RAK stands for Ras Al Khaimah, the northernmost of the seven emirates. UAE capital cities have the same names as their respective emirates. e.g. Dubai is the capital city of the emirate of Dubai, etc.

Even back in the day, I don’t think anyone ever expected this one to get built. Some called it The Death Star and, a few years later, it did circle around to show up in the masterplan for the third palm development at Jebel Ali in Dubai’s south.

#17 Porsche Design Buildings OMA “2007–2009”

I don’t know the history of these buildings but there’s something amiss when a design brand outsources the design of a building. It’s a missed opportunity, for a building designed with the intelligence that goes into the design of a Porsche is something I’d like to see. I don’t think it ever broke ground. No new images exist.

It looks like it was to have been somewhere across the road from the O–14 building. And that the large red “self-shading” opening in the office building faces due west.

In passing, here’s the O-14 building (Reiser+Umemoto, completed 2010), and a typical floor of the Porsche Design Buildings apartments. I haven’t seen one like this since Ponte Tower, Johannesburg, 1975. [c.f. More Poor Doors] It’s essentially a deck-access slab curled in on itself. The curiously contrived plans allow for studio, 1-bed and 2-bed apartments in the manner of Bertrand Goldberg’s Marina City.

#18 Automotive Complex ONL Abu Dhabi, “2006– “

This are all the images I could find of this one, and all of which are in the book. The client and estimated cost were never disclosed. The deadpan text describes it as an architecture influenced by speed.

#19 Manhal Oasis Abu Dhabi “2006– “

This was conceived as a destination city with the three major attractions of (1) a Cultural Gate with two museums and an Experience Landmark Structure, (2) a South East Gate with a shopping mall and wellness centre, and (3) a Downtown and Souk district with four 60-storey towers. I’m paraphrasing the breathless text, the meaning and point of which is now lost to us.

#20 National Bank of Abu Dhabi Abu Dhabi, Carlos Ott 1997–2000

I hadn’t known of Carlos Ott (born Montevideo 1946) but this building is decent and has aged well.

#21 National Bank of Dubai Dubai, Carlos Ott, 1996–1998

This is also one of Ott’s, is also a bank, and has definitely aged well. It’s convex facade compresses water, land and sky into a single picture. It’s a simple idea well worth copying anywhere with similar conditions, but I don’t think it ever was. It’s perhaps my all-time favourite building in Dubai and if I’m passing by I make sure I catch a glimpse of it.

Saturday, February 8, 2020

#22 Shams, Abu Dhabi Abu Dhabi, RNL “2006– ” 2012

Masterplans take time and are often the first casualties of an economic crisis. I can’t find the original images anymore, but left, below is an updated image of something similar to the one in the book. The image in the middle is googleearth and casting the long shadows at the bottom is Arquitectonica’s Shams Gate development. It won an award in 2009 and, at the 2012 Abu Dhabi Cityscape, was judged best completed mixed-use development in the MENA (Middle East North Africa) region although only one half of the low-rise elliptical building has been completed.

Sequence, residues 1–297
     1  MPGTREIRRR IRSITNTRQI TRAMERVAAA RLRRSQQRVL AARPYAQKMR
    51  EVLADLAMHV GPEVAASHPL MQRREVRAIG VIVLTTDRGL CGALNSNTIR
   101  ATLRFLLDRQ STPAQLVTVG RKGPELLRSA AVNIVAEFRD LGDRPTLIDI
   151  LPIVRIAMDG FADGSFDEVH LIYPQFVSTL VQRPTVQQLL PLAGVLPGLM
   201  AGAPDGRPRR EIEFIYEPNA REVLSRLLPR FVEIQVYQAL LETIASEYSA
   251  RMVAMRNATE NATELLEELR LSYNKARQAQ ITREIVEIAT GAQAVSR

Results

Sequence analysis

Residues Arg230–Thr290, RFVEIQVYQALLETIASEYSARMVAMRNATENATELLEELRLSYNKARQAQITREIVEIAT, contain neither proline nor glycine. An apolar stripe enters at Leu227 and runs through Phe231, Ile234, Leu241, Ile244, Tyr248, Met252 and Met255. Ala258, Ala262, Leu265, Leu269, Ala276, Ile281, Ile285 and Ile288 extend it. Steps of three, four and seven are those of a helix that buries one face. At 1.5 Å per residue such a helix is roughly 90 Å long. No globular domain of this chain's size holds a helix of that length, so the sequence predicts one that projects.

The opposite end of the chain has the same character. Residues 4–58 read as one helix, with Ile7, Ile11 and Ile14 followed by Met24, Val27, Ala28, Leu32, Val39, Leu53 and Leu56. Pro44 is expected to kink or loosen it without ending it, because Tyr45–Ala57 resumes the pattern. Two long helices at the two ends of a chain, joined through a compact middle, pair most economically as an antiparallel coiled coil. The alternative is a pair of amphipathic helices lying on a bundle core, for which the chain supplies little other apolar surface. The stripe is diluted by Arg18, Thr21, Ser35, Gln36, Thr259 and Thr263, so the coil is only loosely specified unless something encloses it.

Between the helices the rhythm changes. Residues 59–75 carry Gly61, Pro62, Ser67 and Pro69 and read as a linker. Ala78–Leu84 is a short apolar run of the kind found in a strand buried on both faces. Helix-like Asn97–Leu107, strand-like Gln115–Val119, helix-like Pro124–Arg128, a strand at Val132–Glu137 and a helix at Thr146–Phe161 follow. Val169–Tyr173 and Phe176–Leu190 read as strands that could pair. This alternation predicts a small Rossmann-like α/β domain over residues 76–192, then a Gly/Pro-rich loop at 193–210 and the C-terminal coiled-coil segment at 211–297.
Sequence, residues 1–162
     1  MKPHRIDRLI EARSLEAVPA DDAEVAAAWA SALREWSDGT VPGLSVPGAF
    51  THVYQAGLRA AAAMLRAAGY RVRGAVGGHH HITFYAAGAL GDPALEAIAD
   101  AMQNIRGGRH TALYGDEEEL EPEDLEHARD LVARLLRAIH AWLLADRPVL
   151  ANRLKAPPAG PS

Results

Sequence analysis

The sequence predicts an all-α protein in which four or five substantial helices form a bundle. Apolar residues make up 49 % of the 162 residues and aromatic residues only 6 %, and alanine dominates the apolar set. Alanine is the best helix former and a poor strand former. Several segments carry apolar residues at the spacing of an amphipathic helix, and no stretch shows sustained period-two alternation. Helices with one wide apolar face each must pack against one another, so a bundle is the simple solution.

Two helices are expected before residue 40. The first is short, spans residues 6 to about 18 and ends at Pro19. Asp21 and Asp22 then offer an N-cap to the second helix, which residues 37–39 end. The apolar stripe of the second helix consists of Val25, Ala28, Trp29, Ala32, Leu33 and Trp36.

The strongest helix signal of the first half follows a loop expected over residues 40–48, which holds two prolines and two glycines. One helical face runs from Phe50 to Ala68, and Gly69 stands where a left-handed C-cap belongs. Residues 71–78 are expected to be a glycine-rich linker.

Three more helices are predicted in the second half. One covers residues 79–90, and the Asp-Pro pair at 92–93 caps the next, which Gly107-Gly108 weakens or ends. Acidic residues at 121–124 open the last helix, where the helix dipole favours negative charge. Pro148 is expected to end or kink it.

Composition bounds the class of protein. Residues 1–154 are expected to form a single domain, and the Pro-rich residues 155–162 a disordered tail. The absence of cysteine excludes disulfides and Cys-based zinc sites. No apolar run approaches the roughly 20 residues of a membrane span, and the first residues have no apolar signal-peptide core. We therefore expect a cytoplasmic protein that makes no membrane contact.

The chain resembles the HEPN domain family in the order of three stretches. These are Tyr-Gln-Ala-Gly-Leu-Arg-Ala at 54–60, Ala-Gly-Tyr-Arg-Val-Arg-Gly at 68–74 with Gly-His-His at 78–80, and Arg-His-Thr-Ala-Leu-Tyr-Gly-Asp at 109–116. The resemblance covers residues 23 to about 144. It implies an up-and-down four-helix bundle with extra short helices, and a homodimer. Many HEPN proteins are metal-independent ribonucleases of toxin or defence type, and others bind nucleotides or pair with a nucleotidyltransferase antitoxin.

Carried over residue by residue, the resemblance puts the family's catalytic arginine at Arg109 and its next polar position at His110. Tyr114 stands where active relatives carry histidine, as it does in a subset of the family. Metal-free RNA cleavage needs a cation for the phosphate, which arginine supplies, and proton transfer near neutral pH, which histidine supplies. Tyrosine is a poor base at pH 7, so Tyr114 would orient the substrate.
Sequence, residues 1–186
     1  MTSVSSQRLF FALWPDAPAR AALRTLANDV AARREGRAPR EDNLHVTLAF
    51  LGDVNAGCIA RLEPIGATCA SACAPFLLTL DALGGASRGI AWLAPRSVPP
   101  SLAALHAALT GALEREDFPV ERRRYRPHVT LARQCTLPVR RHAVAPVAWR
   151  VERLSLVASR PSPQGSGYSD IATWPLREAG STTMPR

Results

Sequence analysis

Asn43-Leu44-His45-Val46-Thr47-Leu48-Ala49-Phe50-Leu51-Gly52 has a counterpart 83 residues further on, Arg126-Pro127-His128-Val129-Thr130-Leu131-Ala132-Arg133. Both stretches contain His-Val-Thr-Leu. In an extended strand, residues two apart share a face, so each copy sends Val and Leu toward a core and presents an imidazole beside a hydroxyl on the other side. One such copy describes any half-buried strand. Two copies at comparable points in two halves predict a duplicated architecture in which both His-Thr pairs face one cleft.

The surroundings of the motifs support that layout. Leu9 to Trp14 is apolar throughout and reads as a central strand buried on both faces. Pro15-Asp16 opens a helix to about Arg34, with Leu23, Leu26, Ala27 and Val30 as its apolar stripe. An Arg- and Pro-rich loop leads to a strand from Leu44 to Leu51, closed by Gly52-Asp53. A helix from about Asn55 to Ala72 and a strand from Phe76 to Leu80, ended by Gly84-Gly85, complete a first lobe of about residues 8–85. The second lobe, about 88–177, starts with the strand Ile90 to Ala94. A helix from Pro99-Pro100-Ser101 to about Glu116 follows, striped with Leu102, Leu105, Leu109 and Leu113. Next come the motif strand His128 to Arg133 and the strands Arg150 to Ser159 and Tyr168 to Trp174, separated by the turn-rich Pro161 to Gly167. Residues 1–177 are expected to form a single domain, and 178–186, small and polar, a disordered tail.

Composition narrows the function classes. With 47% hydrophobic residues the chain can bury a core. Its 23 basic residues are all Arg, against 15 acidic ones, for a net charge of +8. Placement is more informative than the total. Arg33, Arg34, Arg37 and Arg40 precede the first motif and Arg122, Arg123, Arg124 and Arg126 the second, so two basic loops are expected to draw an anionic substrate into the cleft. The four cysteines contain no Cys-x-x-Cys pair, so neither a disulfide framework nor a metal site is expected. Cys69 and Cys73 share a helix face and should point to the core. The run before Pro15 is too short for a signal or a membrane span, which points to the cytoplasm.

#23 Burj Dubai Dubai, SOM 2004–2009

This happened, and was renamed Burj Khalifa.

Taken through the tinted windows of a Volvo XC90 the first time I visited Dubai in 2006.
Taken while driving a Ford Focus in 2013.
Taken from Dubai Mall Metro Station in 2019.

So what does all this mean? I’ve mentioned 23 out of the 32 projects in the book. The two notable omissions due to them not being in the UAE are Bahrain World Trade Centre in Manama, Bahrain (ATKINS 2003–2007), and the Museum of Islamic Art in Doha, Qatar (IM Pei, 2003–2008).

Of the 23 projects (72%), twelve were completed either fully or partially so let’s say 50%. This built–to-cancelled ratio stays the same even if I include the non-UAE projects. Of the eleven not built, eight were cancelled outright and the three rescheduled are Gehry’s Guggenheim, Ando’s Museum and the Zaha Hadid building in Abu Dhabi. Here’s the completed twelve.

1998#5 Burj Al Arab
#21 National Bank of Dubai
2000#20 National Bank of Abu Dhabi
2003#8 The Gate Building
2004#9 Dubai International Financial Center (DIFC) Master Plan
#13 Dubai Autodrome
2007#14 ADIA Headquarters
2009#23 Burj Khalifa (this could not not have been completed on time)
2012#1 Dancing Towers (delayed two years)
#22 Shams Abu Dhabi (delay not disclosed)
2017 #15 Louvre Abu Dhabi (delayed five years)
2019#11 OPUS Office Tower (delayed nine years)

Any survey of architecture in a place and over an era is inescapably as subjective as an end-of-year top ten list and the buildings I’ve bolded in the table above are ones I think ought to be included in any survey – an essential 5 out of 23. To be generous, I could add Arquitectonica’s Shams Abu Dhabi (#22) and Hadid’s OPUS Office Building (#11) but that still leaves two thirds of the book’s contents as either filler, bad calls or media ephemera. True, not everything that’s designed gets built and the book’s editors weren’t to know what would and what wouldn’t but can anyone say they seriously believed any of these three would? [c.f. The History of Forgetting]

They’re just three of the many fantastical things that were around at the time and that deserve a book of their own, hopefully as a caution. I see them as examples of a sunset effect – a spectacular display occurring just before an inevitable darkness.

The most curious thing about this book is how it has historical selections that are safely built and fantastical ones that never would be. The lack of content in the middle makes me think the role of the former was to provide something on which to hang the latter.

Construction of Foster+Partners’ The Index began in 2005 and the building was completed and opened in 2011without the usual fanfare.

When buildings, helped by the media, come to represent economic “exuberance” then carbon form is always the preferred way to go. We’ll have to reckon with this one day and, when that day comes, there’ll be sufficient evidence without these next three that were reasonably fine designs. In late 2008 when economic storm clouds were gathering, the middle one was under construction and the other two were being documented. Strange as it may seem now, they represented reality and, more than any NDA, I suspect this is why they’re not in this book. In my next post I want to talk about a sub-category of these buildings that almost were – The Uncompleted.